If someone said CD to me a decade ago, I would immediately think of a compact disc or certificate of deposit. As time moved on my MacBook nor car do not have optical disc drives and I have not had a CD with my bank since my last internship at university 15 or so years ago.
Today if someone says CD to you, your mind might race to the conjoined term CI/CD or one of the two software delivery related definitions; Continuous Delivery vs Continuous Deployment. At Harness, we focus on Continuous Delivery but what are the similarities and differences between the two.
When doing your due diligence between the two different taxonomies, you will see that there is a lot of overlap and depending on your source also a lot of difference. Trying to answer the question “do we want to do Continuous Delivery or Deployment” as definitions vary can be a murky one.
The goals of Continuous Deployment and Continuous Delivery are the same to get your ideas out as quickly as possible. Though as you get closer to the public aka production, the amount of decisions and differences that have to be settled to delivery confidently is where Continuous Delivery steps in to orchestrate several systemic and non-systemic items.
A literal definition of a software deployment is to allow your changes to be available. In modern terms, you might be deploying your changes to a container orchestrator or a platform-as-a-service. Most of the time a deployment is incremental changes as you start to build incremental confidence on feature sets that need to be delivered.
Over a decade ago on a project I was working on in the Federal space, we leveraged Rational ClearCase alongside Rational Build Forge. We were building the next generation at the time portal deploying to IBM WebSphere. Because of the size of the application we were working on, our build process would take 30 minutes or so and the deployment to a dev integration environment would take another 20-30 minutes.
At the end of some days before jamming on Interstate 495 to go home, if I felt comfortable on what I locally made I would commit the changes I made to a ClearCase Branch. Once the commit occurred the deployment process to dev integration would be automated. The specific JARs would be built by Build Forge and sent along their way to be packaged into an EAR and deployed to WebSphere.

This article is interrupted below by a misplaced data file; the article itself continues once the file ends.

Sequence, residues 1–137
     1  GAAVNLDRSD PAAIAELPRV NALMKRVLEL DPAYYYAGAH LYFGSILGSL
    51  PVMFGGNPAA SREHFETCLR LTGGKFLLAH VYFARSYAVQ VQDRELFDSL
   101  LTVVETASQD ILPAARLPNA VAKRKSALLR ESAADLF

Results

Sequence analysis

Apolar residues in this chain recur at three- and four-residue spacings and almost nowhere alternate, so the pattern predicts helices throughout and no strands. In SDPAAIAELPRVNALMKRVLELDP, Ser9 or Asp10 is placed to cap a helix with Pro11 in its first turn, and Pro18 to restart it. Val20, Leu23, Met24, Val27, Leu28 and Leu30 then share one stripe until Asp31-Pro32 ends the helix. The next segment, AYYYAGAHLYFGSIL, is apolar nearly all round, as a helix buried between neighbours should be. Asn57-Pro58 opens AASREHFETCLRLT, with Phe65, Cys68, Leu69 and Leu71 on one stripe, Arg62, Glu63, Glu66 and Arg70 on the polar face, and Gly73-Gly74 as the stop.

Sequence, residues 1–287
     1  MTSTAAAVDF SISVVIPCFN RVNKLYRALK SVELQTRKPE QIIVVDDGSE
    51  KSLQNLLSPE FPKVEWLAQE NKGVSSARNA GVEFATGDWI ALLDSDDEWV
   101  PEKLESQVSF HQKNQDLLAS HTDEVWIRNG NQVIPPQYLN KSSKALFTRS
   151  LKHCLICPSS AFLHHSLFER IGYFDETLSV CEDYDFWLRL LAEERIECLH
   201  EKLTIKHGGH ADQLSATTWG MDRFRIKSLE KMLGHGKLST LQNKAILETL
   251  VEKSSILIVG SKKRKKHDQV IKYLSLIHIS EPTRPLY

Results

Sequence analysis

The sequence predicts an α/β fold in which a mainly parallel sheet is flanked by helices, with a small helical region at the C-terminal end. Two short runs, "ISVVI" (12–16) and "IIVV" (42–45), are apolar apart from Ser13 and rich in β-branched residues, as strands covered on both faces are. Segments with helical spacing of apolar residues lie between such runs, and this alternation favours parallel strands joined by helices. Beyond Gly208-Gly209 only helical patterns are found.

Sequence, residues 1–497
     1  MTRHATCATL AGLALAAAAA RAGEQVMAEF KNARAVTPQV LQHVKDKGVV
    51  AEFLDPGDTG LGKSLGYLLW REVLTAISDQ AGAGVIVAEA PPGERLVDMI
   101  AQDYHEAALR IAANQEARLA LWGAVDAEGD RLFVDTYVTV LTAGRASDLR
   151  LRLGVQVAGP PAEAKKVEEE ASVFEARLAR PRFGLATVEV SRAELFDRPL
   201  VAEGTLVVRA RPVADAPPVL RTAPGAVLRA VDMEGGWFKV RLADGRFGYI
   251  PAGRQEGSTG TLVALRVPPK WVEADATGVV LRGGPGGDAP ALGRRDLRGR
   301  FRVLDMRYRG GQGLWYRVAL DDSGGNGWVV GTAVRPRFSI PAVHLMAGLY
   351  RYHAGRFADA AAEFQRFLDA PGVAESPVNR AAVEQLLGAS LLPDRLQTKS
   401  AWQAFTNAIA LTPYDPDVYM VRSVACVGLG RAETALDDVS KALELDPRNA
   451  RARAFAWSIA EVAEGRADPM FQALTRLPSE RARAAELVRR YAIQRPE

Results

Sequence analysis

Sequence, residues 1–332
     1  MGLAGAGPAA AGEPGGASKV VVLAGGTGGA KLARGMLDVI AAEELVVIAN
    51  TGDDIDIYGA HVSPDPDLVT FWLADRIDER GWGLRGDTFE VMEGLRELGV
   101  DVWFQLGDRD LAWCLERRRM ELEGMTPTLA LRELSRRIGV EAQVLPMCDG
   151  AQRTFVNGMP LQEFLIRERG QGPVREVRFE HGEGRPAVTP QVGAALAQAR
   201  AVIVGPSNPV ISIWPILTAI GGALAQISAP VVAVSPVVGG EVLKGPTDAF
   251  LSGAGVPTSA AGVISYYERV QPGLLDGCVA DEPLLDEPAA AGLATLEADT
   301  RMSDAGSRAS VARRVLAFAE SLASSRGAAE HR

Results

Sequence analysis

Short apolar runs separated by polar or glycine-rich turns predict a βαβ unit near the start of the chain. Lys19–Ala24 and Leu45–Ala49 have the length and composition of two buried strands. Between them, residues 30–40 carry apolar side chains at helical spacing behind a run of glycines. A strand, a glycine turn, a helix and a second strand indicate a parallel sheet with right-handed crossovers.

Because of the time that took, I only committed to a specific or new branch to kick off a build at the end of the day. Today we have certainly trimmed the times to build and deploy an item.
The only check we had if the build literally failed thus your deployment would not be there. A lot of the testing followed after having items in dev integration or migrated to a QA environment.
A definition of continuous deployment is to take the path of least resistance and as quickly as possible, deploy your changes to make them available. This is great especially for lower environments before a lot of rigor is applied. With advancements in code and test coverage, we can implement certain coverages along with the build.
Though for us over a decade ago to actually do a release e.g let the public have access to our changes unless an emergency was once every few months due to all the boxes we had to cross; lots of decisions.
Software does not write itself and everything you see was a decision at some point. Software is not magic and sometimes you might scratch your head why something was written or behaves a certain way, again that was a decision made before your time.
From a safety standpoint with the least number of decisions can be a lower environment. As an engineer, you control your changes until you have to see how they start to behave in different environments marching ever closer to production. As your hard work starts to integrate with other engineers and stakeholders, decision time starts to increase on the changes.
The purpose of the SDLC is a confidence-building exercise. We can build confidence either systemically or human-centric. Systemically we can have solutions that validate our features match the expectation such as test coverage and application performance management tools. With the human element, documenting and approving what has happened with change management tools and notifications such as ChatOps.
Frameworks and processes are in place such as change control or regulatory compliance that we have to live with and perceivable slow the flow of our ideas into the hands of the public. This is where Continuous Delivery comes in.
Continuous Delivery – Learn with Harness
Reaching towards the nirvana of getting all the stakeholders confident in the changes in an automated fashion is Continuous Delivery. Imagine applying for a credit card in the 1990s vs applying for a credit card today. We are used to getting an almost instant decision to start building reward points vs waiting days or weeks in decades gone by.
Continuous Delivery ties everything together from infrastructure, release orchestration, and confidence-building e.g approvals/test coverage/monitoring to deliver a successful release or fail early in the pipeline.
At Harness, we are purpose-built for Continuous Delivery. We are bringing to the world Harness University helping teach those that one size does not fit all in Continuous Delivery and we are all on the journey together. Be on the lookout for other cities as Harness University comes to a city near you!